Future View of Business and Education - Lancaster Chamber of Commerce
Future View of Business and Education
Chamber Updates, Thriving

Partnering With Schools to Grow the Future Workforce

by Robert M. Krasne, Chairman and CEO of Steinman Communications

As a kid growing up in a small town, my perception of the roles and responsibilities of
educational and business institutions were quite distinct. Sitting at a desk among a row
of desks in school to listen to teachers drone on was education. Walking to the bakery
to get a Danish for a nickel was business.

My understanding has become a bit more nuanced as the leader of a 228-year-old
business. I’ve learned how innovation and adaptability are core values that enable
colleagues to do their best work. Those attributes are essential in education today and
also in business recruitment, training and professional development.

Businesses around the county and across the country are in desperate need of
qualified workers. Lancaster County faces a shortage of nearly 10,000 workers
annually for the next decade! This number was calculated by Lancaster’s Center for
Regional Analysis by adding the number of new jobs created annually to the vacancies
that will occur each year due to retirements, minus the number of new workers who
will be entering the workforce.

The Lancaster County STEM Alliance, www.lancasterstem.org, an organization funded
by The Steinman Foundation, convenes business, education and nonprofit leaders
together to strategize on how best to address this shortfall. Recently, the LCSA
brought an array of nationally recognized experts on workforce development to the
area to help frame the issues and refine strategies. The experts offered best practices
for K-12 education, business & industry, higher education, and classroom teachers in
developing and supporting the knowledge and skills of Lancaster County’s future

Those of us of a certain age learned that circumstances for people entering the
workforce today are very different than they were when Baby Boomers were starting
their careers. Back then, because of the stiff competition for the best jobs, we had to
distinguish ourselves to employers. Today, members of Gen Z expect prospective
employers to distinguish themselves because of the plethora of opportunities available
to them.

Many Baby Boomers found their niche in an organization and spent their career with
the same firm. Today, younger employees are not averse to frequently changing jobs
or adapting to new work environments.

New workers today need to be job ready. The old ‘drill and kill’ approach to education
doesn’t teach relevant skills for the workplace and the days of big corporate training departments are long gone. New hires need to be problem solvers who can work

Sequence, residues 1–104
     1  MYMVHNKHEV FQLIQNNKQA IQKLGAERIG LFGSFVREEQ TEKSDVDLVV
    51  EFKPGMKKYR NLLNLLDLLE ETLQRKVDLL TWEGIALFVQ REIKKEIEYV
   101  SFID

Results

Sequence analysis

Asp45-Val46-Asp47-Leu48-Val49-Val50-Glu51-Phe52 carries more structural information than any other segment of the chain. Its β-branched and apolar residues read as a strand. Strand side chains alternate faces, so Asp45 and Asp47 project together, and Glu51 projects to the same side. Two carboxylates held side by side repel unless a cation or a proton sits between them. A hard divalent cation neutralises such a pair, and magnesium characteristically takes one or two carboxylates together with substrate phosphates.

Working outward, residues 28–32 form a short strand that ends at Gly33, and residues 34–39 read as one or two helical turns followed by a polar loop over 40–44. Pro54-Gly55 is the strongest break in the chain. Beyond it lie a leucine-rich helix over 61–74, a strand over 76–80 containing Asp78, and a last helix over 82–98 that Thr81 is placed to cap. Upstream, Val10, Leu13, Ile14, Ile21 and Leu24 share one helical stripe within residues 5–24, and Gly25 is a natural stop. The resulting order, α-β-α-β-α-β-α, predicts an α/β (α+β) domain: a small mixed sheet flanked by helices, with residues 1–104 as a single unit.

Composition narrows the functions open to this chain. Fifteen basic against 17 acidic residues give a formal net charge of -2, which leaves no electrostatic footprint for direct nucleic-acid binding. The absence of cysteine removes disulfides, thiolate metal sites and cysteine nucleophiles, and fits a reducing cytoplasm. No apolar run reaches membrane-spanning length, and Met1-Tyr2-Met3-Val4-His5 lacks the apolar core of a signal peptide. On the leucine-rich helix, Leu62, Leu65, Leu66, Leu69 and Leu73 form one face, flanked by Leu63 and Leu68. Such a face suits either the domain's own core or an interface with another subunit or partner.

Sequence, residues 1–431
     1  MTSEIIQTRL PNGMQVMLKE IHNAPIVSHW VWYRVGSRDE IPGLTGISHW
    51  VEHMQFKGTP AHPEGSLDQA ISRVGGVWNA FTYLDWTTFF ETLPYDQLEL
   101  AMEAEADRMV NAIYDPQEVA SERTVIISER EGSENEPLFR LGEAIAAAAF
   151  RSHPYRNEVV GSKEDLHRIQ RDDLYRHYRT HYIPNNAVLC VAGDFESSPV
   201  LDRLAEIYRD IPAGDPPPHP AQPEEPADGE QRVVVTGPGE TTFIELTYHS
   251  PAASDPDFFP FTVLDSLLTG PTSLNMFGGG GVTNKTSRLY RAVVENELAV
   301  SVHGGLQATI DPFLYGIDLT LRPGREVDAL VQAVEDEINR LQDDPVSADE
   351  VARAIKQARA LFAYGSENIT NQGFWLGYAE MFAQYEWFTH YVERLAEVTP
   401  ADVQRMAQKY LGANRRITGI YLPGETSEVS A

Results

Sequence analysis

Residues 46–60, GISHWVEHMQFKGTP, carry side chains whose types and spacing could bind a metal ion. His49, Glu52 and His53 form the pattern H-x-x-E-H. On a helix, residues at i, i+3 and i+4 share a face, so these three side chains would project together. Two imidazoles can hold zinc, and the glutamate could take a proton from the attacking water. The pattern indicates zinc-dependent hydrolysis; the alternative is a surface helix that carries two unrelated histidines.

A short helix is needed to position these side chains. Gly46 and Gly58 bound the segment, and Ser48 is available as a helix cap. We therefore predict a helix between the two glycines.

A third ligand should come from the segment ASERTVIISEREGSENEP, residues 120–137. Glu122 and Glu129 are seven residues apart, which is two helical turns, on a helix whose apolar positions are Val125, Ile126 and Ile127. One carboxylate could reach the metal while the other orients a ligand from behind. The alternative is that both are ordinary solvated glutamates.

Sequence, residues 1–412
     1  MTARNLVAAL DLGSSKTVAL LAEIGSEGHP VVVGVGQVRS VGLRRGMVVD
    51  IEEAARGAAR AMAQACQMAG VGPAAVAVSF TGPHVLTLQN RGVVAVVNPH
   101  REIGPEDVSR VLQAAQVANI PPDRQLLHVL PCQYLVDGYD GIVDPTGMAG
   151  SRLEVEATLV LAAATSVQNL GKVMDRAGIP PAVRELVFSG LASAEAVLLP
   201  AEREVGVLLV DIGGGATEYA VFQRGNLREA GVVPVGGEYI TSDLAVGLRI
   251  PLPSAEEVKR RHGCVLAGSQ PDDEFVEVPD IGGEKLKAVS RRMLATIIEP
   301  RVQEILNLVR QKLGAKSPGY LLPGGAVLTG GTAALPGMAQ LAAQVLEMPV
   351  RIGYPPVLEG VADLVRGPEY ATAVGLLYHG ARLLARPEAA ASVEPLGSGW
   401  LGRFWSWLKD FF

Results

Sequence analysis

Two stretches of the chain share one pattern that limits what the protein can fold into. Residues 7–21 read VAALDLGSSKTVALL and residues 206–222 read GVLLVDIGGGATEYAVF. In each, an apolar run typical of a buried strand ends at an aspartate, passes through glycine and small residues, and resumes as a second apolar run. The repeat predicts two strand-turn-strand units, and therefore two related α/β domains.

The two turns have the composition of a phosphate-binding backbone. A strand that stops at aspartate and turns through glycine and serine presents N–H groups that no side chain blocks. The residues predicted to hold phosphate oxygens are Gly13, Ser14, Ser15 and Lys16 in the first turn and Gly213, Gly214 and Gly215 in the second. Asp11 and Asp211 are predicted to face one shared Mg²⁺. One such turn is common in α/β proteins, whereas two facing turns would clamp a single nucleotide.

collaboratively and communicate effectively the day they begin employment.

The LCSA is working diligently to ensure that no worker is lost to our workforce. In
collaboration with Lancaster Chamber and Career Ready Lancaster, it is creating
Inspire Lancaster, a digital platform that will provide high school students and
educators with access to work-based learning experiences with some of Lancaster
county’s most innovative employers.

Research tells us that career exploration experiences need to start earlier – ideally in
middle school when many students thinking about their future career options.

Middle school can be a tumultuous time for young people when social concerns
suddenly start to outweigh academic pursuits. Unfortunately, when faced with
traditional classroom instruction, many students don’t connect their academics to the
world of work. By the time they reach high school … if they get that far… they have
begun to view academics as uninteresting, unimportant, and irrelevant to their lives.

In Lancaster County, far too many kids choose to leave school after the 8th and 9th
grade. Even more stay in school but tune out academically.

If we’re going to grow a world-class workforce in Lancaster County, we need to push
work-based learning down into our middle schools so that we can capture the imaginations and aspirations of young people before they tune out to learning…and
before some of their number begin to drop out.

If we lose students prior to graduation, our workforce skill deficit will grow.

School districts are doing everything they can to ensure students are career ready
including helping students create career readiness portfolios that begin in elementary
school and extend through high school, engaging students in work-based learning
experiences, and supporting student attainment of industry-recognized credentials
prior to high school graduation.

But they cannot do this work alone. Contrary to what I thought as a youngster,
business is not distinct from education. Business must partner with education to
prepare everyone to be members of our workforce and community so we can all enjoy
a prosperous future.

Robert M. Krasne, CPA CFA

Chairman and CEO

Steinman Communications


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